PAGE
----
Rio 2016: Nations, Contaminations and Swimming Sensations
Image Credit: Getty Images/Bick Photos
The 2016 Rio Olympics began this week, both hotly anticipated and surrounded by the usual socio-political turmoil we’ve become accustomed to any international event attracting. Enshrouded in clouds of Zika virus, this Olympics has already made headlines for reasons mostly concerning security and infrastructural shortcomings. This years Games motto: “Um Mundo novo” (“A new world”). Unfortunately appropriate; the Olympics have drawn attention to much of Brazil’s current financial and socio-political turmoil. Should be a good one! That said, there is still plenty to look forward to. With 306 events and over 10,000 athletes participating in the tropical Brazilian coastal metropolis of Rio di Janeiro, these Games will no doubt succeed in drawing in millions of viewers over the next few weeks. Britain has already claimed a Gold; possibly the last time (until the 2020 Olympics) that our national will collectively cheer for anyone doing breaststroke. Here are 5 more scintillating events still to come. Some are well-known while others are, frankly, ridiculed. So, tune in and enjoy! Just don’t go in the water (I wish that was a joke, but it is actually legitimate advice, it’s highly contaminated).
The pinnacle of Olympic events, and also one of the shortest. Strap in for the most exciting 10 seconds of the Games. It’s the 100 metre Finals. Usain Bolt and Justin Gatlin are expected to be battling it out in the men’s final, Gatlin having run the fastest 100 metre this year and Bolt chasing a third consecutive gold medal at the Games. Whoever wins, its going to be a very close one. In the women’s category, Jamaica’s Shelly-Ann Price Fraser races for her third Olympic gold, with odds in her favour to complete the feat. The women’s 100 metre final takes place on the 13th at 2.40 am, the men’s on the 14th at 2.25am(with a running time of approximately 11 seconds, bring plenty of snacks).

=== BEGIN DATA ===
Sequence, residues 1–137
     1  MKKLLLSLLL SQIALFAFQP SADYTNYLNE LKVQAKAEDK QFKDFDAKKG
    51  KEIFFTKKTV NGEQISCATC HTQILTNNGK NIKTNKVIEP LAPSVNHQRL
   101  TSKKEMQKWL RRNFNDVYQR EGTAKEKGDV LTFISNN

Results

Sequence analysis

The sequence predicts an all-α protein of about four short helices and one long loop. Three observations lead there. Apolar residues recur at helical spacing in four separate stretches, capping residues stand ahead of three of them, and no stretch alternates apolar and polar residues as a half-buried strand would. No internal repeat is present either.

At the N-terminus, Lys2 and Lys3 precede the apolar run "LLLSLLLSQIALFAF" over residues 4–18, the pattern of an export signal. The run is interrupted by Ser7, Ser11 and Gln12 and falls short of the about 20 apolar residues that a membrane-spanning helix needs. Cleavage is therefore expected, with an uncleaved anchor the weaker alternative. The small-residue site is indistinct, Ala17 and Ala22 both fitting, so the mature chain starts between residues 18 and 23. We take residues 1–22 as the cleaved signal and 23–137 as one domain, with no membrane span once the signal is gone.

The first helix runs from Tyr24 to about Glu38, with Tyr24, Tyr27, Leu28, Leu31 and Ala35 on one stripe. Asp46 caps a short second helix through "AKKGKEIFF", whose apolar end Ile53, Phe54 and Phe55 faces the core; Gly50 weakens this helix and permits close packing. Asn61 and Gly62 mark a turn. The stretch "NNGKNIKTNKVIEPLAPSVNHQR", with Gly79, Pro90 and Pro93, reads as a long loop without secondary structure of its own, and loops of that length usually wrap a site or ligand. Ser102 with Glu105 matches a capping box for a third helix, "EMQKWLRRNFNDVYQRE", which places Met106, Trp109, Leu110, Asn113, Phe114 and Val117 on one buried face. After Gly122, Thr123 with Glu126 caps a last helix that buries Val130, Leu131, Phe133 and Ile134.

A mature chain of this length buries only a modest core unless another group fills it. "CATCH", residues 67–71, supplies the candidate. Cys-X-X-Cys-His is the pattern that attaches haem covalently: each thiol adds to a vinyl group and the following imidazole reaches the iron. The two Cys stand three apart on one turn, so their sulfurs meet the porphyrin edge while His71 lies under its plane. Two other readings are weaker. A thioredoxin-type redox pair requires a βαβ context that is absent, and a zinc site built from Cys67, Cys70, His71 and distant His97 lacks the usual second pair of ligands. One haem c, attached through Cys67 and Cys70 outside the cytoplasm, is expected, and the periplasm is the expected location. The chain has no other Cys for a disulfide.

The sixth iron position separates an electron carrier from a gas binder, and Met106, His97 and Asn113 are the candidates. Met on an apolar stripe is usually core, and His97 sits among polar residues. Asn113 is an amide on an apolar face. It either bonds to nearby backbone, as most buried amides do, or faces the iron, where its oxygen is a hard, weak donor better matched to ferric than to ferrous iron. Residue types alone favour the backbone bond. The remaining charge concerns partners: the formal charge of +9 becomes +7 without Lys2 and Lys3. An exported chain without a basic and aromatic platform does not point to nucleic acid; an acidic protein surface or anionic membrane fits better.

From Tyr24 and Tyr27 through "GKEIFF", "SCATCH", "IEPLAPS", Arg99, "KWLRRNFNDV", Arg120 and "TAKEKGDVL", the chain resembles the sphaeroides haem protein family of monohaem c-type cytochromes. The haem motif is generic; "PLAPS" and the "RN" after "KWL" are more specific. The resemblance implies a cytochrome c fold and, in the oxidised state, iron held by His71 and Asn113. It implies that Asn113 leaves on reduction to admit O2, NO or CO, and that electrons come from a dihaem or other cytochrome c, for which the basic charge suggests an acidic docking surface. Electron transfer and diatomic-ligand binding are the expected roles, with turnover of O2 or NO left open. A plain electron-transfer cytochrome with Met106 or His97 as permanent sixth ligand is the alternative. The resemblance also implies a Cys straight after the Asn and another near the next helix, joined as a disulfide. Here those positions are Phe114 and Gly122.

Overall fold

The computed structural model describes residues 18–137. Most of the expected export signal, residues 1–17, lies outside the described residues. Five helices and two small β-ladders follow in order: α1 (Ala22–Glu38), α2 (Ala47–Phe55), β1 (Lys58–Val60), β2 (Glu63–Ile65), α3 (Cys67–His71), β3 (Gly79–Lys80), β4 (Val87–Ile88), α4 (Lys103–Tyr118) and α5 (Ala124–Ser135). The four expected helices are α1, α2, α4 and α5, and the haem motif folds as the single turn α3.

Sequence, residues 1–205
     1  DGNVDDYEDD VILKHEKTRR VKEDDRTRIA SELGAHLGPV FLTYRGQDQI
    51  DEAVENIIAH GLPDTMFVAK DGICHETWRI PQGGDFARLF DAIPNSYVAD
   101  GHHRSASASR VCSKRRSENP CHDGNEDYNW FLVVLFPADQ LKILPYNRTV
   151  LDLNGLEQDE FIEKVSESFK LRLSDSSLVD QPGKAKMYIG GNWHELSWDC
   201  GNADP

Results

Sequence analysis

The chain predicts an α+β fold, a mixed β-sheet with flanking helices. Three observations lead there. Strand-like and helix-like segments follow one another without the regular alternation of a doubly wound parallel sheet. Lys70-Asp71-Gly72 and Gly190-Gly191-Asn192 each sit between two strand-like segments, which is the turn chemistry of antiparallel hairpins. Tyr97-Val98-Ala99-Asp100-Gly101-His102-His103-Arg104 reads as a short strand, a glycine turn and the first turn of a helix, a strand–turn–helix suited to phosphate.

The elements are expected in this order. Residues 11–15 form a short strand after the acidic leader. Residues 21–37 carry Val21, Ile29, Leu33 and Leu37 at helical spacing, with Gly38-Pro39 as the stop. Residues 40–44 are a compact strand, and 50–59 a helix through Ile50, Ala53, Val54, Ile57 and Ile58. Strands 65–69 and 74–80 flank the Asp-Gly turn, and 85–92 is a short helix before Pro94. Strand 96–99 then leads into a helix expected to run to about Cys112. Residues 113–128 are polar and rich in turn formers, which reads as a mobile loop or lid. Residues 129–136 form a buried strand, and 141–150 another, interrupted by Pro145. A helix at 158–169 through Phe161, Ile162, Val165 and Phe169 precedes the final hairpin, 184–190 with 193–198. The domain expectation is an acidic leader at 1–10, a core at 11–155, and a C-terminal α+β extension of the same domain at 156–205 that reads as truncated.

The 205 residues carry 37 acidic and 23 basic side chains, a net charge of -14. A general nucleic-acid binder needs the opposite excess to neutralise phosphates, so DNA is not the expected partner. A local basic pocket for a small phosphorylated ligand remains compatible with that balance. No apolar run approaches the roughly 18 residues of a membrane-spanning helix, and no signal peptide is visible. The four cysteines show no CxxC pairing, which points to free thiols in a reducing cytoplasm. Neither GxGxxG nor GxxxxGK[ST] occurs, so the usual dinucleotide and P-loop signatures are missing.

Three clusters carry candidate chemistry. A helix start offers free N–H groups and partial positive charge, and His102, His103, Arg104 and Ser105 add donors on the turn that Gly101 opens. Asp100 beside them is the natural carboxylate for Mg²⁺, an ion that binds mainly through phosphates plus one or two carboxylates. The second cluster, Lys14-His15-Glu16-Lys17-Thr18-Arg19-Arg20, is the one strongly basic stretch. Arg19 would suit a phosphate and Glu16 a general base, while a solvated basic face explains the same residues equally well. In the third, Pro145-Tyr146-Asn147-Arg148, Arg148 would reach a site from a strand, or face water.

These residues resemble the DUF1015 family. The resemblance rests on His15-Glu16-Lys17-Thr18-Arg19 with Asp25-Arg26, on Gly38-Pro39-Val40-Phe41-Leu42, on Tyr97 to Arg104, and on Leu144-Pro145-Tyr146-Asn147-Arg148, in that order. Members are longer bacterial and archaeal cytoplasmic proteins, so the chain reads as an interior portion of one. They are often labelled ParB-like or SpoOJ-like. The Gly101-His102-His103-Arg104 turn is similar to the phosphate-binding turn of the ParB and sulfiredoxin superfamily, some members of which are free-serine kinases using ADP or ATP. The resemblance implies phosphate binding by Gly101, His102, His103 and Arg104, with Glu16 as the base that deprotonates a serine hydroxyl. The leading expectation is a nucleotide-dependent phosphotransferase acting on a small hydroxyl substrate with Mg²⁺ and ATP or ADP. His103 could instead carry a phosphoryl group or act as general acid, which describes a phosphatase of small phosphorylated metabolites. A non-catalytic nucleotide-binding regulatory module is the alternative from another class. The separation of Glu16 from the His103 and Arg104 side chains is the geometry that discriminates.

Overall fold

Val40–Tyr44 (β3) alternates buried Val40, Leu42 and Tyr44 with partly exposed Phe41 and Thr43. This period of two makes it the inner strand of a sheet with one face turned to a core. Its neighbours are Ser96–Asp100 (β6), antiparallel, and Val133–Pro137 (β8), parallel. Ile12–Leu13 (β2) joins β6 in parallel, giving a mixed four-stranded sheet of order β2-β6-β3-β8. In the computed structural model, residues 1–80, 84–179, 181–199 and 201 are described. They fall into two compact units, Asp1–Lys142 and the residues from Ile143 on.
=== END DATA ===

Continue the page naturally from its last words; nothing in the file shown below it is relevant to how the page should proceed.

Do you like Canoes? Do you like Sprinting? Look no further than Canoe sprints. The difference between the Kayak and Canoe is an age-old distinction we’ve all fallen for (just me?). In this case, the Canoe sees the athlete crouched on one knee, while the Kayak is narrower and has its athlete seated, with legs inside the vessel. Exciting stuff, for sure. Not to mention someone might fall in and that’s always funny, right? This pure sporting majesty will hit your screens on 15th August.
Gymnastics and rhythm? Like Jagermeister and Red Bull, somehow, it just works. Rhythmic Gymnastics, combining ballet, dance and apparatus manipulation into a choreographed routine will draw in large audiences for its aesthetic value. The sport itself demands power, flexibility and agility of an elite standard and, I assume, some killer dance moves. The Women’s all round and team qualifiers start on the 19th August. Tune in for thrills, spills and rhythm of the highest calibre. The individual finals take place on the 20th August, the team finals, on the 21st.
You remember walking? Well forget what you know, because Race-walking is here and it’s bigger, better and slightly quicker than walking. The rules are simple enough. The back toe cannot leave the ground until the front heel has touched the ground. Legs must also remain straightened with each stride, with arms and shoulders kept low to the sides. This prevents the chance of a running race, which is no where near as fun to watch. Olympic commentator, Bob Costas, once derided the sport as being similar to a “Loudest Whisperer” competition. Tune in and see if he was right all along. Men’s 20 km final takes place on the 12th August. The men’s 50 km and Women’s 20 km are scheduled for the 19th.
Michael Phelps, the most decorated Olympian of all time, takes on his fellow compatriot, and possibly greatest rival, Ryan Lochte in the 200 metre Individual Medley. Between them, they possess 93 Olympic and World Championship medals. For Phelps, his last Olympics, and a chance to add to his unrivalled 22 Olympic medals (18 of which are gold). For Lochte, the man who has been on Phelps’ heels for the last 4 four competitions they’ve both participated in, this might symbolise the beginning of his own domination of the event for the foreseeable future. There are so many dimensions to this rivalry, it could be more exciting than the Race-walking finals (as if!). These two aquatic titans meet in the heats on the 10th, with the finals on the 12th.